Letters to the Editor

From the Aiken Standard's June 25 front page article, "Seeking equality," I would like to applaud all three individuals highlighted for making the sacrifices that go into owning your own business. Having grown up in Aiken, and still a resident in Aiken County, I have witnessed many downtown Aiken businesses that failed to make it. Many of those businesses were considered to be upscale in perception and that perception was validated by the cost of goods or services offered. Along with that, many were considered to be more affordable in their offerings. These failed businesses were located on "highly visible" Laurens Street and "less visible" side streets to include Richland Avenue and Park Avenue, etc. Many owners found out very quickly that paying rent and business payroll tax, coupled with low profit margin, simply was too much to keep a business afloat.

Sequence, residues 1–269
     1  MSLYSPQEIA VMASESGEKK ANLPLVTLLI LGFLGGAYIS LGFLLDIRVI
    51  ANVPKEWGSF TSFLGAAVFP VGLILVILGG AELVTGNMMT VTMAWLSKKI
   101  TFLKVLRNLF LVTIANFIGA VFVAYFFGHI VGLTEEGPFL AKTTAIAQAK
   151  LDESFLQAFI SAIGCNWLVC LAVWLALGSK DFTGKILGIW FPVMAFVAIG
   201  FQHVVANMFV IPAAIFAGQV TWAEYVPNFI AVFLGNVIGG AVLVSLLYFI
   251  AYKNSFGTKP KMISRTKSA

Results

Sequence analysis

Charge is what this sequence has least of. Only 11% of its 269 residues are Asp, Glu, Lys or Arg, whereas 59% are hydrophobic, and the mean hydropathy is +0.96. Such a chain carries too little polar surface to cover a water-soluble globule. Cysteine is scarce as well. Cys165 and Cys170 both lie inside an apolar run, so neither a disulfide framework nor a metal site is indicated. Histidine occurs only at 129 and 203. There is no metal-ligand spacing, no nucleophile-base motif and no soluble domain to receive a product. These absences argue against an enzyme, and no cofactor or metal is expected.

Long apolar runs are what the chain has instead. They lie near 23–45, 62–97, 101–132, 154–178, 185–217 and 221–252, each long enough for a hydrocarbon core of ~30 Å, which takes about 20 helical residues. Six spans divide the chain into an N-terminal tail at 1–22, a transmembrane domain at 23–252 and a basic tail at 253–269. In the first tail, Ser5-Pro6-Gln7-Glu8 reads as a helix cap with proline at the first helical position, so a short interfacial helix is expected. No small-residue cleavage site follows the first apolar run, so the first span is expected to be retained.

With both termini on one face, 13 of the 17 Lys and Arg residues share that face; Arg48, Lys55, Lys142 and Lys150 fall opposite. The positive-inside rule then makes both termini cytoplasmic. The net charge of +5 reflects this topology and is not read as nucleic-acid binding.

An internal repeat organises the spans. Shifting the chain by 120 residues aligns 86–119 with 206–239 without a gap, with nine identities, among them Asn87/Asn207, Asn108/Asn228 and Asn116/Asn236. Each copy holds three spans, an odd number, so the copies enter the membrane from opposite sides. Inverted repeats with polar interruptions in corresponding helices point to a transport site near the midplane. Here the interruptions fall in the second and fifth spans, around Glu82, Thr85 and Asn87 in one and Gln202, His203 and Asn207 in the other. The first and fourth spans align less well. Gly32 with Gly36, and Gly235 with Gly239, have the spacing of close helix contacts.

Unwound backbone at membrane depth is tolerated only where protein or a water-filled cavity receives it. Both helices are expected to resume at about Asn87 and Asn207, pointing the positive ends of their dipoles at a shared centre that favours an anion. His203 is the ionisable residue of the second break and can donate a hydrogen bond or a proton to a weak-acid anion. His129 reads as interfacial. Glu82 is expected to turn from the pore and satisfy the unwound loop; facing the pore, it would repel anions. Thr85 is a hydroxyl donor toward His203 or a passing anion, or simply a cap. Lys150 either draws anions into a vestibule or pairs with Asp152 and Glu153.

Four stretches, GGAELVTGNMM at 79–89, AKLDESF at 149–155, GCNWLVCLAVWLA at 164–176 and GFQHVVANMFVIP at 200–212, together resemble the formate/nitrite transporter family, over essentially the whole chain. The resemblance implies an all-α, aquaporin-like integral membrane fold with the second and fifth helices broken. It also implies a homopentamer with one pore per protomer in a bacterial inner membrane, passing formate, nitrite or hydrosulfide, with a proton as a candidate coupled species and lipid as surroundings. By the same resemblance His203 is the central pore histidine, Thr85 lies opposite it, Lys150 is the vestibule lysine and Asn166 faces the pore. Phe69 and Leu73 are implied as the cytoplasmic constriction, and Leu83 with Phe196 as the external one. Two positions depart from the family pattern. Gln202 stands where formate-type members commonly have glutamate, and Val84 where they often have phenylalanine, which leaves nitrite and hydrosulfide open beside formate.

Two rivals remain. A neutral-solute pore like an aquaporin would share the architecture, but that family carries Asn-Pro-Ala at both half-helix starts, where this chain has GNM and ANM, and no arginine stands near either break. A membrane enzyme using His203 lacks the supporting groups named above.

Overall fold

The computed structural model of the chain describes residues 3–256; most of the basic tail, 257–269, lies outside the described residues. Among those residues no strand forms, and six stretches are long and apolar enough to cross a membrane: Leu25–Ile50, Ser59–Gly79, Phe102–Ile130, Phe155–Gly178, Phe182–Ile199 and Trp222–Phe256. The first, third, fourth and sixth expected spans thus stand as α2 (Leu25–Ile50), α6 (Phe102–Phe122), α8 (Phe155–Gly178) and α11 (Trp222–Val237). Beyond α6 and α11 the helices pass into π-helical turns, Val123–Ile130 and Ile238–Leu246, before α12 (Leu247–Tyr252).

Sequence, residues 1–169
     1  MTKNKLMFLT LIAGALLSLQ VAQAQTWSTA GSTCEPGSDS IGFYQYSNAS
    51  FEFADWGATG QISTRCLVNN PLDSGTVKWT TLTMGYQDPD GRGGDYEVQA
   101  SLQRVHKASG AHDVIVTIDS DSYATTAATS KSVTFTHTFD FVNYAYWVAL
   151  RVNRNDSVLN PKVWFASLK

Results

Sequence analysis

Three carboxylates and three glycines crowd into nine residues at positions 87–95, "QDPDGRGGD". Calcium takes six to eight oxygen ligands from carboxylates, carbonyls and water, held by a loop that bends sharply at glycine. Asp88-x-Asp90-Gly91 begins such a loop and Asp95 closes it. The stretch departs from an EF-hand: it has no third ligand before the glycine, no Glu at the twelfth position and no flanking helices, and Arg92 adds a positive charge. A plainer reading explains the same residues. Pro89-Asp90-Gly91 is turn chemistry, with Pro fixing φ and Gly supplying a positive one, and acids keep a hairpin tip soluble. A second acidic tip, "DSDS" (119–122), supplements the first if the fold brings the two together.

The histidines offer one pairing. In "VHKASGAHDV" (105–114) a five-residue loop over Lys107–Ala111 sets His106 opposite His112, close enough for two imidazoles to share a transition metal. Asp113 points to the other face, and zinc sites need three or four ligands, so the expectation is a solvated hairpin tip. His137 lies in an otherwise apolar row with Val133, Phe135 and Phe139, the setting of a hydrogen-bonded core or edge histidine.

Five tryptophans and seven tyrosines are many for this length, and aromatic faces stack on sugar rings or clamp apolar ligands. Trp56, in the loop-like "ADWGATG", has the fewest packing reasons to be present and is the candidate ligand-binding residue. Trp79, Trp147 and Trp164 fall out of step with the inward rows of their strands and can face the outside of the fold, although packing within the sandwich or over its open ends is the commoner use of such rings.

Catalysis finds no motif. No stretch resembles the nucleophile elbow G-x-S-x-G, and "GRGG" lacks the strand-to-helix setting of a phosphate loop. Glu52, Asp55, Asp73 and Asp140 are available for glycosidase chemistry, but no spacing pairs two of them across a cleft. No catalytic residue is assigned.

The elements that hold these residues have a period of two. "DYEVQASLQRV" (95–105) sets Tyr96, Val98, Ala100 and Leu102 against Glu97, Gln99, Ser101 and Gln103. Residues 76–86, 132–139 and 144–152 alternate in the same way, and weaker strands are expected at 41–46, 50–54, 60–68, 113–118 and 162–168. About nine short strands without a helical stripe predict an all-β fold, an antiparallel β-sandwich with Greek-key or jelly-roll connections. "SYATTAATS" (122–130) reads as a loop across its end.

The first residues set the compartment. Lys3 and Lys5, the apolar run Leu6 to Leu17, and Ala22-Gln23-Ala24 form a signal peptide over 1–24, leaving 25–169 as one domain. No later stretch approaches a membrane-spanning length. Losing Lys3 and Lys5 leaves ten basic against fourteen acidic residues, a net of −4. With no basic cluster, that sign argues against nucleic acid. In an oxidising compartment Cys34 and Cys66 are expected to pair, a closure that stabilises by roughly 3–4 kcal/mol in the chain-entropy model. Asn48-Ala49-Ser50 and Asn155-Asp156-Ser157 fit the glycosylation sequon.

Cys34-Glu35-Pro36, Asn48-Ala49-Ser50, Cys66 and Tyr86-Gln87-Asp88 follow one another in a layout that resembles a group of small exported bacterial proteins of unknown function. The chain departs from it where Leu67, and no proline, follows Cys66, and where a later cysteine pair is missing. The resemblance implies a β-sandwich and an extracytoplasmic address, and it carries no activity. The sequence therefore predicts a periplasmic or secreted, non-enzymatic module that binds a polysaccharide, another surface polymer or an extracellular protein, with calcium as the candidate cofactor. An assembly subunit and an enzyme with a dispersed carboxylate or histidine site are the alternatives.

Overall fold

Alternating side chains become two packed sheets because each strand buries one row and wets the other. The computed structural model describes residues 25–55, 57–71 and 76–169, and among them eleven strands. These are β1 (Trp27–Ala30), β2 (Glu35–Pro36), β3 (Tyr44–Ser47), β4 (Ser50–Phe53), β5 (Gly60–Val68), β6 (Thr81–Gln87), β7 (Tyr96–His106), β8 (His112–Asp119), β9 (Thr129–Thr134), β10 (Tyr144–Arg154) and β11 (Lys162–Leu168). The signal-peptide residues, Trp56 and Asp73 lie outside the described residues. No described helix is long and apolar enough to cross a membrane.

Owners of those failed businesses and those still in existence in downtown Aiken, would point out that you cannot control the whims/buying behavior of someone. Whether it be considered pricey or more affordable, many people walking into a business simply want to look with no intention of buying. Some may enter a business seriously wanting to buy; however, they quickly decide not to based on the price they see. They may also decide not to buy simply because the style or design (i.e. a clothing store) is not what they were looking for.

The "grim reaper" of business failure happens all over Aiken County regardless of skin color, race or gender. I say this as one of the respondents in the June 25 article pointed out that due to the color of her skin, she has to work twice as hard. While I do not agree with her statement, this business owner has already proven she has what it takes to succeed as her business has been in operation for awhile. Removing skin color from the table, all individuals who own their own business have to work extremely hard to survive against their competition. Many well-known business owners in Aiken have missed countless family vacations; worked around the clock with no sleep; fretted over meeting the weekly payroll; and, in the process, became completely grey haired quicker than should be.

Robert G. Gossett